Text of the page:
“There is stunning potential here,” Gen. David H. Petraeus, commander of the United States Central Command, said… “There are a lot of ifs, of course, but I think potentially it is hugely significant.”

The value of the newly discovered mineral deposits dwarfs the size of Afghanistan’s existing war-bedraggled economy, which is based largely on opium production and narcotics trafficking as well as aid from the United States and other industrialized countries. Afghanistan’s gross domestic product is only about $12 billion.

“This will become the backbone of the Afghan economy,” said Jalil Jumriany, an adviser to the Afghan minister of mines. (New York Times, op. cit.)


This has been a big known for a while but I am glad someone brought that back up. Doesn't China own the mineral rights there?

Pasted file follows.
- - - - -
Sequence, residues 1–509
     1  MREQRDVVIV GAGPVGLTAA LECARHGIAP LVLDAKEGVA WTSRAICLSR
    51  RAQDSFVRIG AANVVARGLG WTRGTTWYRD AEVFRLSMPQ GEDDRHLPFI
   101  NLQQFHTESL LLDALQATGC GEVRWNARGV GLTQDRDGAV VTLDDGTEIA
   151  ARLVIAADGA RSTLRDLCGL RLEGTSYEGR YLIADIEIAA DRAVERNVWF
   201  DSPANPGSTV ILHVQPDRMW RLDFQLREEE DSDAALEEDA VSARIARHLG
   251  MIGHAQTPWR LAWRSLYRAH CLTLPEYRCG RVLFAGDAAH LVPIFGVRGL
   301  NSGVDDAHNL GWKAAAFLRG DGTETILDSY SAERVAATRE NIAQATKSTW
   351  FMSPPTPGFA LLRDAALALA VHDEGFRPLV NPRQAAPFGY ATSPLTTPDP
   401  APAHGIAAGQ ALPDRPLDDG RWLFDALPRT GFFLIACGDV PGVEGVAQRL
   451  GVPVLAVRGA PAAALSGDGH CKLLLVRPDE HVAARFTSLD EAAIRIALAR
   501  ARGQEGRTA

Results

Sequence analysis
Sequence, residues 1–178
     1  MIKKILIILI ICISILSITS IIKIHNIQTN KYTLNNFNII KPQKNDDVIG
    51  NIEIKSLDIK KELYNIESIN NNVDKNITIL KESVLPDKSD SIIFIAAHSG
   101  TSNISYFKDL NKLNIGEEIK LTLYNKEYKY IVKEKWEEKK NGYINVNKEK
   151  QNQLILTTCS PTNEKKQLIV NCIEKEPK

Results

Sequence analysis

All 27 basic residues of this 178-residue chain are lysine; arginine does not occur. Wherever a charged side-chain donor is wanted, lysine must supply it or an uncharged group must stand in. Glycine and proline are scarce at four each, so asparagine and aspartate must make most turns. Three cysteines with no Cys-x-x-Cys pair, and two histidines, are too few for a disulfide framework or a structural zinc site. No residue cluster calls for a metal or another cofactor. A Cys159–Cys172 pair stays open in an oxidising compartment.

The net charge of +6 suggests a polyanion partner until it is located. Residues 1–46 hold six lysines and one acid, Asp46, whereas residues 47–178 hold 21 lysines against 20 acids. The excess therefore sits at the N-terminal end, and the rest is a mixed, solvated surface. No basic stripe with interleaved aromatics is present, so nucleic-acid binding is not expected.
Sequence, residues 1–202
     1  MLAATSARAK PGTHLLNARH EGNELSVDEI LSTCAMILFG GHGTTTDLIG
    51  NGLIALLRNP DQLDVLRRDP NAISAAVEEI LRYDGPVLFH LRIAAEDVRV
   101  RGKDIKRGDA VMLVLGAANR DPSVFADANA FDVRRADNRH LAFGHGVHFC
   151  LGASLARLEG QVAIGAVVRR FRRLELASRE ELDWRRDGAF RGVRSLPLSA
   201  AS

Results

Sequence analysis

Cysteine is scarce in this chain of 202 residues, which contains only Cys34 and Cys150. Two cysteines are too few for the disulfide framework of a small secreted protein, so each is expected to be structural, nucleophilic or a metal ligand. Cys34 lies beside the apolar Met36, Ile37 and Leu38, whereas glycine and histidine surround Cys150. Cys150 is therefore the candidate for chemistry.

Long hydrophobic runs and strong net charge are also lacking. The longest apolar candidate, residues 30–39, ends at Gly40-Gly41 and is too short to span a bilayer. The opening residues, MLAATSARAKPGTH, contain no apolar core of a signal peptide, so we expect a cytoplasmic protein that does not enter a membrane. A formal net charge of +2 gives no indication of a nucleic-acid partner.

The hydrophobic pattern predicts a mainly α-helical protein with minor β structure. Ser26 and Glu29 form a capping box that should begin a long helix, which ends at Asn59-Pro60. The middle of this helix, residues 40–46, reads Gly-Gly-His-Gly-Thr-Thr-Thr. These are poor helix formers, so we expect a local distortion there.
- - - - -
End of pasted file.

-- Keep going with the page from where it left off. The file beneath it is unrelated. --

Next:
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#28 ecu88

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Posted 24 June 2014 - 10:53 AM

We involve ourselves in the Middle East due to oil, there is little doubt about that. Without it, we would probably ignore the various conflicts. However, the invasion of Afghanistan specifically had nothing to do with resources, mineral or otherwise. We went into Afghanistan because the Taliban were providing a safe haven for Al Qaeda to operate. Denying your enemy a base of operations is military strategy 101. The conspiracy theorist attempt to find some ulterior motive for going in is amusing, but has no basis in reality.


I think was a combo of the two conditions.

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#29 Davidson Deac II

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Posted 24 June 2014 - 11:18 AM